Is the world on the verge of another “Little Ice Age”? Scientists with the University of Northumbria say the world could plunge into another mini ice age within the next 15 years as solar activity declines.
Prof. Valentina Zharkova presented a new solar model to those gathered at the National Astronomy Meeting in Wales that she and colleagues used to argue that fluid movements within the sun will converge to create similar conditions seen between 1645 and 1715 during the “Little Ice Age.”
“We predict that this will lead to the properties of a ‘Maunder minimum,’” Zharkova said, noting that solar activity will decline about 60 percent during the 2030s.
“Over the cycle, the waves fluctuate between the northern and southern hemispheres of the Sun,” Zharkova said, according to The Telegraph. “Combining both waves together and comparing to real data for the current solar cycle, we found that our predictions showed an accuracy of 97 percent.”
“When they are out of phase, we have solar minimums,” she added. “When there is full phase separation, we have the conditions last seen during the Maunder minimum, 370 years ago.”
While many climate scientists say solar activity has a marginal impact on average global temperature, the effects of solar slowdowns play a bigger role on regional temperatures. A new solar minimum could mean North America and Europe are in store for much colder winters ahead.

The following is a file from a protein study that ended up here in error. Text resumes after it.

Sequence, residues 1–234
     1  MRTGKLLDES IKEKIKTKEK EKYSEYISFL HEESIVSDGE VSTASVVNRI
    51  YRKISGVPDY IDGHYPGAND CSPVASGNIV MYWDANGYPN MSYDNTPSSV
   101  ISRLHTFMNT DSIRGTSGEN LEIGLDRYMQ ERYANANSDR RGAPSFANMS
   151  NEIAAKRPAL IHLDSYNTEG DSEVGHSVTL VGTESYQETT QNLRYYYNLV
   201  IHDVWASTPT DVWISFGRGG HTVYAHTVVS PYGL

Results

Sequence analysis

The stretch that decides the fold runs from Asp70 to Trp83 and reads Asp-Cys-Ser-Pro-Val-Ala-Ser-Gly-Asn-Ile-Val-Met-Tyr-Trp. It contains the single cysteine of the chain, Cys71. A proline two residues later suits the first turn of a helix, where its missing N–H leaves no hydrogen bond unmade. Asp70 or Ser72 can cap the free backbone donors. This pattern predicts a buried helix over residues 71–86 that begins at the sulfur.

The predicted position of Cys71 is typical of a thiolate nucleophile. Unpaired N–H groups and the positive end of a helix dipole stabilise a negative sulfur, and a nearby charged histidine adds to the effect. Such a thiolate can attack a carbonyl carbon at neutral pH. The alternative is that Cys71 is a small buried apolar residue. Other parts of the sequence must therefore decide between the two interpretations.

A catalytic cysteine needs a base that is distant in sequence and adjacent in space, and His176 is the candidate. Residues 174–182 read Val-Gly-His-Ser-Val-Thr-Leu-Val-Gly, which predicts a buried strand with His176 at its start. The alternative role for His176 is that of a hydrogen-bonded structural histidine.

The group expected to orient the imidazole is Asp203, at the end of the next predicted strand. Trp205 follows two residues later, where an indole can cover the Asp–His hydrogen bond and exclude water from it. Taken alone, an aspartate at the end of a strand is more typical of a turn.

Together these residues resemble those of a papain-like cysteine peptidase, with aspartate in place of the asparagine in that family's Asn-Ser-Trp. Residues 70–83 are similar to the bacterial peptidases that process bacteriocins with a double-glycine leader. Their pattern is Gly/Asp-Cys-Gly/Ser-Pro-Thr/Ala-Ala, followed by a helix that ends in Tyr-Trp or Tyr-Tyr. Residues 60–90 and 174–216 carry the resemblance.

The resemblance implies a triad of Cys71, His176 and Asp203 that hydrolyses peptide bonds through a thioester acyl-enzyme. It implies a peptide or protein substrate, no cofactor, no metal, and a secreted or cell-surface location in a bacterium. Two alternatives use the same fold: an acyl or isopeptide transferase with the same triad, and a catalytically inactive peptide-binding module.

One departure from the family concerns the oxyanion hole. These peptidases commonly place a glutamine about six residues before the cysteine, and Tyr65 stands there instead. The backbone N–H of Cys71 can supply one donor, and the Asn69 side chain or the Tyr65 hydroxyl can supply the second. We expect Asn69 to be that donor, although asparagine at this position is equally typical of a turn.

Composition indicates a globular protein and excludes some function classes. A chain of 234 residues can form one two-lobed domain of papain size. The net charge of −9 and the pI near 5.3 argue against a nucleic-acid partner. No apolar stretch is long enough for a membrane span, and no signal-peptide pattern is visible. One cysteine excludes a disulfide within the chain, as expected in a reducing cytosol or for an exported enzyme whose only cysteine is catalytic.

Increasingly, though, scientists are warning solar activity could fall to levels not seen since the “Maunder minimum” in the late 17th Century. During this period of the “Little Ice Age,” London’s Thames river froze over and Norse colonies in Greenland vanished because they could no longer produce enough food.
Scientists are warning the sun is going into an 11-year cycle where sunspots and solar flares will decline, causing a slight cooling trend — a trend that will be more pronounced in Europe and America.
A recent study by the UK’s Met Office found another “grand solar minimum” would only offset 0.1 degree Celsius of global warming, but places like northern Europe could see 0.4 to 0.8 degrees of cooling in a solar minimum.
“This research shows that the regional impacts of a grand solar minimum are likely to be larger than the global effect, but it’s still nowhere near big enough to override the expected global warming trend due to man-made change,” Met Office scientist Sarah Ineson said. “This means that even if we were to see a return to levels of solar activity not seen since the Maunder Minimum, our winters would likely still be getting milder overall.”